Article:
In conclusion, a novel RT-LAMP assay was successfully developed for the rapid detection of Akabane virus genomic RNA in clinical samples from abortive cases. The assay is highly sensitive and specific. This rapid, easy-to-operate, and sensitive assay can be used for the diagnosis and epidemiological surveillance of Akabane virus infection in resource-limited countries or regions.

Materials and methods

Collection of clinical samples

A total of 126 clinical samples were from aborted bovine fetuses from 8 cattle farms located in 6 geographical areas (Taichen, Kuitun, Yili, Shihezi, Manas, Shawan) of Xinjiang province, China during October 2008 through February 2011. These samples consisted of brain, muscles, spleen, kidney, heart, lung, and lymph nodes. Samples were kept cool by the staff of the Ili Kazakh Autonomous Prefecture Center of Animal Disease Control and Diagnosis and delivered on ice to key laboratory of the Preventive Veterinary Medicine, College of Animal Science, and Technology (Shihezi University) within 24–48 h.

Viruses and cells

Akabane virus strain JaGAR 39/MB19 was originally supplied by Dr Inaba of the National Institute of Animal Health, Japan. BHK-21 cells were maintained in minimum essential medium (MEM, Invitrogen, Carlsbad, CA, USA) containing 10% fetal bovine serum (FBS, Biofluid, Richmond, VA, USA). Bovine herpesvirus 1 strain 758, bovine parvovirus strain BF15, bluetongue virus strain CSIRO 154, and bovine viral diarrhea virus strain NADL were provided by the State Key Lab of Veterinary Etiological Biology.

Design of specific RT-LAMP primers

Nucleoprotein (N) gene sequences of 25 different strains/isolates of Akabane virus were obtained from GenBank, and the homology was analyzed using the molecular software DNAMAN. The conserved fragment with high homology was chosen to be the target region (Figure 4) which was used to design the Akabane virus RT-LAMP primers by the Primer Explorer V4 software (http://primerexplorer.jp/e/) (Table 2), as previously described by Notomi et al. [20].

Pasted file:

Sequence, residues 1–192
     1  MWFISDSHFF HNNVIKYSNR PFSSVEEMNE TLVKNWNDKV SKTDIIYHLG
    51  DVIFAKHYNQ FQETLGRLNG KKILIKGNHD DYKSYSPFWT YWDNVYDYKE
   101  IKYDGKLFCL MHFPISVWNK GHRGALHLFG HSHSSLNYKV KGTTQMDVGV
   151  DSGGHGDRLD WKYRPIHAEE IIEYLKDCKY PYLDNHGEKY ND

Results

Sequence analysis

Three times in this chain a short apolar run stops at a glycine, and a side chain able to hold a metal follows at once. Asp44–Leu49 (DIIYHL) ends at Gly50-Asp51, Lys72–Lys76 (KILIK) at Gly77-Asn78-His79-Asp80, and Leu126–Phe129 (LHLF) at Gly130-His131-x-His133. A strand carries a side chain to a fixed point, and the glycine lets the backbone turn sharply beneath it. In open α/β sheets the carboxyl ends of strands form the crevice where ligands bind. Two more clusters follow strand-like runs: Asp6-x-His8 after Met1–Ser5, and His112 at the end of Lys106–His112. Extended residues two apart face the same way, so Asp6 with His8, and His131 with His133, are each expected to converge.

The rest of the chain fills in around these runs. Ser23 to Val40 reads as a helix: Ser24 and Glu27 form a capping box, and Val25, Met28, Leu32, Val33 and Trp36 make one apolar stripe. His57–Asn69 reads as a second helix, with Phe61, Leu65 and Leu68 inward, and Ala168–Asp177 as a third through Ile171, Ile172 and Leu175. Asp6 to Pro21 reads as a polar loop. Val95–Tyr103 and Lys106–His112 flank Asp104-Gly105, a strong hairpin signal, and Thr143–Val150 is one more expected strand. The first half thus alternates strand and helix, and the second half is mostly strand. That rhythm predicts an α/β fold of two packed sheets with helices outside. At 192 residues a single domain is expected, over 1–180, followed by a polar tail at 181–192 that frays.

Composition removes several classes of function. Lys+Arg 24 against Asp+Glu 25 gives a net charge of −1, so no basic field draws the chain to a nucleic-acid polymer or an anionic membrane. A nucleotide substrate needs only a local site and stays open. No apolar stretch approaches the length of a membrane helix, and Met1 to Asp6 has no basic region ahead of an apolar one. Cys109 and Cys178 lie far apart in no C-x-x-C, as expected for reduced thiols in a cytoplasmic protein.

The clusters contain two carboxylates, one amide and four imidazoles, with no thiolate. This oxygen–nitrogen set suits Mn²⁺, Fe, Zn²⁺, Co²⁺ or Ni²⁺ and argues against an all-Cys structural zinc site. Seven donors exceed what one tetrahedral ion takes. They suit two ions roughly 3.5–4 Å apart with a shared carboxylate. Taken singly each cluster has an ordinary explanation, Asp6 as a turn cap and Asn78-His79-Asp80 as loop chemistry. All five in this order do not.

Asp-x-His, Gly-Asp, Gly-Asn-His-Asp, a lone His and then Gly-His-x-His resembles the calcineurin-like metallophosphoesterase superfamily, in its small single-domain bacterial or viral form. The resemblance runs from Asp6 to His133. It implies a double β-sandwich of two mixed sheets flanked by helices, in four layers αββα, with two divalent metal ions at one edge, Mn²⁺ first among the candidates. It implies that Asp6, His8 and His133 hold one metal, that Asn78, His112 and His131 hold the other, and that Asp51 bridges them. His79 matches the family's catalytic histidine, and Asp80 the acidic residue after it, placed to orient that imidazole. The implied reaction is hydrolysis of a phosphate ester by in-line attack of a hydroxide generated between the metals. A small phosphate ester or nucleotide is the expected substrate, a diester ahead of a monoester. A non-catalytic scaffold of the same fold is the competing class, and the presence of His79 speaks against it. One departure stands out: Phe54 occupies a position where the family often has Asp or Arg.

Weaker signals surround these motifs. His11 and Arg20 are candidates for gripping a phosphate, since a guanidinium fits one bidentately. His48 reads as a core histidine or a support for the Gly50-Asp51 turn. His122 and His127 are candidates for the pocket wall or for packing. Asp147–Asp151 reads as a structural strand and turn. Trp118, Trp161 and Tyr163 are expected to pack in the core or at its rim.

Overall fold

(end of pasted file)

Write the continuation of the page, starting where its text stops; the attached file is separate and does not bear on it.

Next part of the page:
Table 2

Oligonucleotide primers used for RT-LAMP assay and semi-nested RT-PCR against Akabane virus

Primers

Sequence (5'-3')

Nucleotide positions*

Length (bp)

F3

TGTTCCACAACGGAATGC

27–44

18

B3

TGTAAATTTGACCCCTGCA

198–216

19

FIP

GAGCTGCTGCCCATACTTACT-AGCTACATTTAATCCGGATGC

 

42

BIP

TACTGTTGCTAGAGTCTTCTTCCTC-AGTAAGATCGACACTTGGTT

 

45

N1

ATGTTCCACAACGGAATGCAGC

25–46

22

N2

AGCCAGGAAAGCTCTAGCTGCAG

680–658

23

N3

GGAAAATGGTTATTAACCACT

215–235

21

*Nucleotide sequence position according to nucleoprotein (N) gene of Akabane virus strain 93FMX (GenBank accession number FJ498797).

RNA extraction

Total RNA was extracted from Akabane virus-infected BHK-21 cells or clinical samples with SV-total RNA Isolation System (Promega, Mannheim, Germany), according to the manufacturer’s protocol. The RNA was eluted in 20 μL of RNase-free water containing 0.04% sodium azide and was stored at -80°C until further use. The RNA concentration (ng/μL) was measured with a spectrophotometer.

RT-LAMP

The RT-LAMP reaction was carried out in a 25 μL volume containing 12.5 μL of LAMP buffer (20 mM Tris–HCl [pH 8.8], 10 mM KCl, 8 mM MgSO4, 10 mM (NH4)2SO4, 0.1% Triton X-100, 0.8 M betaine, and 1.4 mM each of deoxynucleoside triphosphates), 2 μL of primer mixture (40 pM each of FIP and BIP, and 5 pM each of F3 and B3), 1 μL of Bst DNA polymerase (8 U), 1 μL of Avian myeloblastosis virus reverse transcriptase (40 U), 2 μL of template RNA, and 6.5 μL of distilled water. The reaction mixture was incubated at 63°C for 60 min in a heating block, followed by heating at 80°C for 2 min to terminate the reaction. After the reaction, a 10 μL aliquot of the RT-LAMP product was subjected to electrophoresis in 2.0% agarose gel and visualized by staining with 0.5 μg/mL of ethidium bromide under ultraviolet light. For visual fluorescence detection, 1 μL of a 10-fold dilution of SYBR Green I (1000×) was added into the reaction mixture, and the positive amplification was determined according to the color change (orange and green in a negative and positive reaction, respectively).